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Tuesday, September 19
U.S.'s 112-game winning streak snapped

BLACKTOWN, Australia -- Oh, Doctor!

Dot Richardson committed two errors in the top of the 11th inning as Japan beat the United States 2-1 Tuesday to snap the defending Olympic champions' 112-game winning streak.

Christie Ambrosi, Emi Naito
Christie Ambrosi, left, of the U.S. dives back to first safely below the tag of Japan's Emi Naito.

"I apologized to everyone because I feel responsible," said Richardson, who is an orthopedic surgeon when not playing second base for the U.S. team. "The two mistakes I made cost us the game."

While a setback, the defeat doesn't diminish the team's gold medal hopes. The top four in the eight-team tournament advance to the medal round and the United States is still favored.

The United States (2-1) loaded the bases in the seventh, eighth and ninth innings. In the 10th and 11th, when each team starts with a runner on second, the Americans had two runners on each time.

But they couldn't manage the hit they needed off reliever Juri Takayama -- stranding 20 runners in all to suffer their first defeat since the 1998 world championships, and their first setback ever to third-ranked Japan.

"When we step on the field, we don't assume anything," said losing pitcher Michelle Smith, a four-time most valuable player of Japan's top professional league who was facing some of her teammates. "We know we have to execute. We didn't today."

In the 11th, Japan (3-0) moved its free baserunner to third on a groundout. Haruka Saito hit a grounder to Richardson; she bobbled the ball, then recovered before throwing it wild to first base and allowing the game's first run to score.

Richardson's second error followed when she tried to cut off a throw to second to guard against a double steal. The ball rolled into center field and another runner came home to make it 2-0.

"What we did today was something I never expected," U.S. coach Ralph Raymond said. "You can't make mental mistakes, and we made a carload of them today."

Even so, the Americans had another chance in the bottom of the 11th when Crystl Bustos and Sheila Douty singled to score the free baserunner and make it 2-1. But Douty was caught going to second, then Takayama struck out Jennifer Brundage and Stacey Nuveman looking to end it.

"You saw a team full of heart out there, even though we didn't finish the job," said Lisa Fernandez, who broke into tears when talking about her 0-for-13 slump. "Things happen for a reason. I'm not exactly sure what the reason is, but we'll come back."

Smith pitched 5 2/3 innings of relief, striking out eight and walking none while allowing just two hits and two unearned runs. Raymond said he would decide overnight whether she would pitch against China on Wednesday as scheduled.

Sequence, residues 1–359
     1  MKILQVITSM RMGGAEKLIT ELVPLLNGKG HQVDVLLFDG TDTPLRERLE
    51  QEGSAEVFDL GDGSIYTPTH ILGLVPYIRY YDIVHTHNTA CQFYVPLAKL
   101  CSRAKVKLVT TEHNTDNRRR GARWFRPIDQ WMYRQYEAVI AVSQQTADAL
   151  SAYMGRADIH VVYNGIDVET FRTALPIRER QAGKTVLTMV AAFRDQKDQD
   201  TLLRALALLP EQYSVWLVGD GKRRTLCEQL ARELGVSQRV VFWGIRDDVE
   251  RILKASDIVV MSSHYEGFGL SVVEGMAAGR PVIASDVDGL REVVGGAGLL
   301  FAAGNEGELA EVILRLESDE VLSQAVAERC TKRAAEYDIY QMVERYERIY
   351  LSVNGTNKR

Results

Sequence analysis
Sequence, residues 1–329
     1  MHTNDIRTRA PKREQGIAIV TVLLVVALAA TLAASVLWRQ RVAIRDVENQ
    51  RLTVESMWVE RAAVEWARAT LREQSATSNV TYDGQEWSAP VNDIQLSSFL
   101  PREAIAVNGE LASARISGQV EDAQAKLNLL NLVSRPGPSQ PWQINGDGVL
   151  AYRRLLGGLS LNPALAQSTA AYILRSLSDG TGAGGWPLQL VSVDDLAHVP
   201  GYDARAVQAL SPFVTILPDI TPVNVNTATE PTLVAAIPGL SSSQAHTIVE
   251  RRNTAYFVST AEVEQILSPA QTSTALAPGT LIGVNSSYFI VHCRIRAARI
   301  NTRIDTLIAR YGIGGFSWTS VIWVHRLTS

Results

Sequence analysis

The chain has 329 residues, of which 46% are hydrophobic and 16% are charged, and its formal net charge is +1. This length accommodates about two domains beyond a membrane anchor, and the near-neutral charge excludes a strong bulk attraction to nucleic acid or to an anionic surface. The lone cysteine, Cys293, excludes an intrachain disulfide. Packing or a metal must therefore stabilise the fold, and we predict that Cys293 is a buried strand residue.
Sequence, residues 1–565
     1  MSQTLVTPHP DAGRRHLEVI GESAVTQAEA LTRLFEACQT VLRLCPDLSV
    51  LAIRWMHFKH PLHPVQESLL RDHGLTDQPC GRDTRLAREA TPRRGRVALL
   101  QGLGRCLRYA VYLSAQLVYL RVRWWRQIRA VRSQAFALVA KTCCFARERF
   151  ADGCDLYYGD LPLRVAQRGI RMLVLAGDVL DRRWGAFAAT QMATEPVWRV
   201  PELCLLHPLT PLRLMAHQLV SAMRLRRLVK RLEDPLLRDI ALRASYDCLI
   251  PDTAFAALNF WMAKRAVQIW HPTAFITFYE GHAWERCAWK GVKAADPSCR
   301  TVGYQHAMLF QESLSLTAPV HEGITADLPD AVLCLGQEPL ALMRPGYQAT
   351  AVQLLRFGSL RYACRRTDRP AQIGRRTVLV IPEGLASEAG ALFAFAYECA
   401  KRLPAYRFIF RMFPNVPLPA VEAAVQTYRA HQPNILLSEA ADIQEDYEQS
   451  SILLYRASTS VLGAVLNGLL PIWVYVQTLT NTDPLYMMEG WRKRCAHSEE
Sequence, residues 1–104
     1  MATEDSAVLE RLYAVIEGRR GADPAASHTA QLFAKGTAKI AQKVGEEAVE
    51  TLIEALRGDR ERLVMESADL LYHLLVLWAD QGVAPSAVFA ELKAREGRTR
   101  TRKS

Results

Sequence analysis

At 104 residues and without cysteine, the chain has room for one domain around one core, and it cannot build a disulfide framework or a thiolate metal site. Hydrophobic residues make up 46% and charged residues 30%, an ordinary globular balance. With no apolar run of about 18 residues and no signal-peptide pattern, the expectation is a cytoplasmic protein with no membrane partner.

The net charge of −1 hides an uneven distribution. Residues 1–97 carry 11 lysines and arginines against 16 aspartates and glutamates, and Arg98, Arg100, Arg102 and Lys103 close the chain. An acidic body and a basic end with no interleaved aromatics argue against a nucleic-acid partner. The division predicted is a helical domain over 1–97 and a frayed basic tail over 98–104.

"I feel great," she said.

U.S. Secretary of Health and Human Services Donna Shalala, a softball player in a Cleveland "pigtail league" as a child, threw out the first pitch before the game.

And pitching was the story during the game, as well, as both teams were scoreless through 10 innings.

Christa Williams, who has a 74 mph fastball that makes her the fastest pitcher on the U.S. staff, gave up a single to the first batter of the game and then retired the next 13.

She struck out 10 in all, allowing five hits -- three of them to start the sixth. But the Japanese ran themselves out of a rally when Laura Berg threw out Haruka Saito with a perfect throw to the plate for the first out.

Smith relieved Williams and, on her second pitch, Nuveman threw out Naomi Matsumoto trying to steal second. Noriko Yamaji struck out on the next pitch to end the inning.

The Americans threatened in the seventh, when leadoff batter Christie Ambrosi was hit by a pitch. With Richardson at bat, Ambrosi got caught in a rundown, but she escaped and slid safely into first when the second baseman held the ball too long.

Richardson bunted her to second, then Berg singled her to third. Lisa Fernandez grounded out, bringing up Bustos with first base open; she walked to load the bases, but not before hitting one deep, but foul, down the left-field line.

Douty looked at a 3-1 pitch that appeared to be high but was called a strike. With the full count, she hit a grounder that the shortstop bobbled before scooping it to third to end the inning.

Douty, who homered on Sunday in a victory over Cuba, also hit into a bases-loaded double play in the first inning, third to home to first. Williams struck out five of the last six batters against Cuba to earn the save.


Bustos busts two homers as U.S. beats Cuba in softball

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